The second privacy concern concerning FLoC is a little more complex. FLoC enabled browsers will share new personal user data with trackers who are already able to identify that user. For FLoC to be of use to advertisers, it must reveal a certain amount of information about user cohort behavior.
The FLoC project’s GitHub page makes no secret of this stating upfront:
This API democratizes access to some information about an individual’s general browsing history (and thus, general interests) to any site that opts into it. … Sites that know a person’s PII (e.g., when people sign in using their email address) could record and reveal their cohort. This means that information about an individual's interests may eventually become public.
So while a cohort itself won’t work as an individual identifier, any company that can identify users in another way- through a ‘Login in With Facebook’ option, for example- will be able to tie the information it learns from FLoC to a user’s profile.
Two types of information can be exposed in this way:
- Trackers may be able to reverse engineer the cohort algorithm to determine that a user probably or definitely visited specific sites.
- General information about demographics
What it Means for Ad Tech Companies
The initial FLoC origin trials quietly finished their testing phase in mid-July 2021, with Google senior software engineer Josh Karlin announcing on the Chromium’s Blink Developers group forum:
“We’ve decided not to extend this initial Origin Trial. Instead, we’re hard at work on improving FLoC to incorporate the feedback we’ve heard from the community before advancing to further ecosystem testing.”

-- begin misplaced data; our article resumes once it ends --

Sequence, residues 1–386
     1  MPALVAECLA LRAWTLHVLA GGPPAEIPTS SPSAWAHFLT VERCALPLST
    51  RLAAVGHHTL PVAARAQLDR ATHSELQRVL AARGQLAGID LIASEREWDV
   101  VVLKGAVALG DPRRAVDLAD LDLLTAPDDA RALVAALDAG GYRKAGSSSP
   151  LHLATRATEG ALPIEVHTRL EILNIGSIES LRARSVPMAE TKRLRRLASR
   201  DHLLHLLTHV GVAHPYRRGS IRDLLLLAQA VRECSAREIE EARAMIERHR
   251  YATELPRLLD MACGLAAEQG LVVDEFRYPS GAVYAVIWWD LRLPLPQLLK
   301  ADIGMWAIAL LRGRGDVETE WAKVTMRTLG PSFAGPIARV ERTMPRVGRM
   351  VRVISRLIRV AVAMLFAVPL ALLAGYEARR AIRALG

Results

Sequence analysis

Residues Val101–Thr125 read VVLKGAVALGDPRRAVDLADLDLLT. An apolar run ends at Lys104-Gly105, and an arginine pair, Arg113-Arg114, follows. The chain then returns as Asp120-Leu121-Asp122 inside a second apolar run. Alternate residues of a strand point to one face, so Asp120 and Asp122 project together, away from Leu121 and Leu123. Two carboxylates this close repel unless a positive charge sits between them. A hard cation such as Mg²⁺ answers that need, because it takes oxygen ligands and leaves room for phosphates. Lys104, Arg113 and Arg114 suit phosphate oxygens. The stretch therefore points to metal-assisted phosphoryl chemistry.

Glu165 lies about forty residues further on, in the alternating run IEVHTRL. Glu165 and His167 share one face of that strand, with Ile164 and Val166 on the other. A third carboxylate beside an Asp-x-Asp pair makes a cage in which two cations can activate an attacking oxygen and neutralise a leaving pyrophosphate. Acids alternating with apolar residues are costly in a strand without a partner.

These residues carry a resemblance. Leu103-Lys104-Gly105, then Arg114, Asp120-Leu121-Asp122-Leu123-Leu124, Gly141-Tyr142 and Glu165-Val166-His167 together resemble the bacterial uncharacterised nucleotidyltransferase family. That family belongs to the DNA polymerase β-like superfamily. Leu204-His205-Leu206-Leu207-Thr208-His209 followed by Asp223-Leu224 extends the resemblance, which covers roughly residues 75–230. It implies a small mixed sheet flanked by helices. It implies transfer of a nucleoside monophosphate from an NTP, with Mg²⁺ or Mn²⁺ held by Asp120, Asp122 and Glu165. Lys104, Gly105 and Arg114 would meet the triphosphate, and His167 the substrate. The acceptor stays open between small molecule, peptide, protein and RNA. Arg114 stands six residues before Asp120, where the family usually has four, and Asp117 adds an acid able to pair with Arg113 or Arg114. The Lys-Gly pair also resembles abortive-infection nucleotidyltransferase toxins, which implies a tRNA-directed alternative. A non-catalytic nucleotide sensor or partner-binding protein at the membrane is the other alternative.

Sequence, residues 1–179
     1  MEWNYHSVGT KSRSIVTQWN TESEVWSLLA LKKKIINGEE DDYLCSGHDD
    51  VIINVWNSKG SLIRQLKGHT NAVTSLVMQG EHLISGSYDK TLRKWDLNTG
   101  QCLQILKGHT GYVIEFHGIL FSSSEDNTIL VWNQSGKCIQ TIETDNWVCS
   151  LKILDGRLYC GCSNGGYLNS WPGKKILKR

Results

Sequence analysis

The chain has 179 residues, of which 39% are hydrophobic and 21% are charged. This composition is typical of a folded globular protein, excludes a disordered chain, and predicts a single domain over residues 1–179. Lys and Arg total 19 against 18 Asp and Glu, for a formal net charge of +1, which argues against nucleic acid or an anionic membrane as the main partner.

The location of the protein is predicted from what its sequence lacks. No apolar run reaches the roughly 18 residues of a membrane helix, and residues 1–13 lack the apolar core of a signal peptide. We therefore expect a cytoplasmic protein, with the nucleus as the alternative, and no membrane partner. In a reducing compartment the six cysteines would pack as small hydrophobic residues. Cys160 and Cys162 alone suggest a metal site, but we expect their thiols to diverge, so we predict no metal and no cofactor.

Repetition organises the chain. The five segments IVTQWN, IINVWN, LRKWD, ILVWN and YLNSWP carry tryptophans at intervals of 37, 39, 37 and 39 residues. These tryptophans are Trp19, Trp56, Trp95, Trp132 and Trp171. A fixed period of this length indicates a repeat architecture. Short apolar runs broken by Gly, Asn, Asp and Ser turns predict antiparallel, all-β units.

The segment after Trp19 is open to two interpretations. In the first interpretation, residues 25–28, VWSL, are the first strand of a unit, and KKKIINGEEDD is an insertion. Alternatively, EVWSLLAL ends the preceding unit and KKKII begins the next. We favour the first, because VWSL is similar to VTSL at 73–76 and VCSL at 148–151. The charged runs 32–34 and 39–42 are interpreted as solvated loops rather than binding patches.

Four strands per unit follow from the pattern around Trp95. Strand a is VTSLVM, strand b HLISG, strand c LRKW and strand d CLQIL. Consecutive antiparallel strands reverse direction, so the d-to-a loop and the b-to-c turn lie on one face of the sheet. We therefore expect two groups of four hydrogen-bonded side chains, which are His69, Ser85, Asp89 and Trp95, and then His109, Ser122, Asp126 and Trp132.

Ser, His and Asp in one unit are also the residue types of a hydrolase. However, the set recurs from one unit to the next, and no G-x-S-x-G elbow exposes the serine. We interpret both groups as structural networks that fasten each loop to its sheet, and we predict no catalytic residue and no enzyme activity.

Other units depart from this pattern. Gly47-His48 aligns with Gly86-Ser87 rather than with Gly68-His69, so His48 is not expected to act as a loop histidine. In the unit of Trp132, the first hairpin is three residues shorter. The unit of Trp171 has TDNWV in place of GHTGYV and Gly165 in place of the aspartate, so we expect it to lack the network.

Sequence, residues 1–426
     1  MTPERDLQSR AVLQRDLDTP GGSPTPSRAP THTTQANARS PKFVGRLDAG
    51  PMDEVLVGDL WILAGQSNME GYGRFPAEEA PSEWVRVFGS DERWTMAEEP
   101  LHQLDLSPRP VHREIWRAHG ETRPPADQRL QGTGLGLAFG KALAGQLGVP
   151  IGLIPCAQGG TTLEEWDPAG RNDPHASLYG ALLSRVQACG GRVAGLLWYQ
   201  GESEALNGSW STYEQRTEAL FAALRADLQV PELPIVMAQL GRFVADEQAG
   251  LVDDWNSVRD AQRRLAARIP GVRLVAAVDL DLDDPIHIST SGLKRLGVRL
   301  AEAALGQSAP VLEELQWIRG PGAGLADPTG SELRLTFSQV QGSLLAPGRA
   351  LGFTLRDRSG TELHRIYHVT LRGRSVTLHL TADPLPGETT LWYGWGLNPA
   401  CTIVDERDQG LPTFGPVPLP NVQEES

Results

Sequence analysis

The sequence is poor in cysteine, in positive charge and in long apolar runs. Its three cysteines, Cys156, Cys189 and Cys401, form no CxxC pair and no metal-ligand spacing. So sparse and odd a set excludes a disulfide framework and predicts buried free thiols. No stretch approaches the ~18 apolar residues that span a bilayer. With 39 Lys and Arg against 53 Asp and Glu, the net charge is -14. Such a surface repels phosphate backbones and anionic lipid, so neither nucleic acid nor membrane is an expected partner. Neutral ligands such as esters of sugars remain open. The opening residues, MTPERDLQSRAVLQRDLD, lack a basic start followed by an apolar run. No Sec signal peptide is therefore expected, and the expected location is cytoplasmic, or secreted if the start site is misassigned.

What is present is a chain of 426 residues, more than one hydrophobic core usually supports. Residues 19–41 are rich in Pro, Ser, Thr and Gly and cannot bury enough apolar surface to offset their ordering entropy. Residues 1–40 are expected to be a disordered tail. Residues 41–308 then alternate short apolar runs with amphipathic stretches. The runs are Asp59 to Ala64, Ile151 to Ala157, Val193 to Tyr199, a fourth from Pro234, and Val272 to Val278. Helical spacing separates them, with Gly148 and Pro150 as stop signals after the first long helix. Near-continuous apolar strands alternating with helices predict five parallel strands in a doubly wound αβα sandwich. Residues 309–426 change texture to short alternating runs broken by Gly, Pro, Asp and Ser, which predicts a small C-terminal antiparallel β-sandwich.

Further to this, Google does not intend to disclose any of the private feedback the company received during FLoC’s origin trial, leaving ad tech companies largely in the dark as to where and when they will be able to implement FLoC.
This is no doubt, in part, due to pushback from privacy advocates such as the Electronic Frontier Foundation and the makers of the Brave browser, who have expressed concerns about FLoC as an effective way to replace third-party cookies. In fact, many such companies want targeted ads removed from the ecosystem altogether.
Amazon, Drupal, DuckDuckGo, Firefox, GitHub, Joomla, and Vivaldi have also chosen to block FLoC- as it currently stands- by default.
WordPress VIP also recently chimed in with their hesitations:
‘FLoC has its plus points. But it isn’t as privacy-focused as we would like, and can lead to discriminatory practices, as described above. Then there’s the concern of letting Google dominate yet another aspect of tech. Google also plans to charge any third-party tracking company for use of any of the data it has collected.’
At this stage, it appears that the only major platform that is currently on board with FLoC is Twitter, who recently referenced it in their source code.
This may well explain why Google has pushed out the death of third-party cookies from the originally proposed 2022 to 2023.
While there are certainly some refinements to be made to FLoC, it may still have its moment of glory, with Google stating that early trials show promising results for ad platforms looking to replace their targeting system.
Publishers and advertisers looking to prepare themselves for the ‘Cookie Apocalypse’ as it has become known in the industry should remind themselves that while third-party cookies are crumbling, first-party cookies are not. Therefore, first-party data has never been more valuable.
Advertisers should be looking to collect as much first-party information from users’ browsers as possible.
Google themselves has recommended that publishers should ensure all websites are tagged with the Google Ads universal tag.
Are you a publisher looking to get a jump on the ‘Cookie Apocalypse?’ At Publift, we are at the forefront of the latest advertising technologies. Contact us today to get started.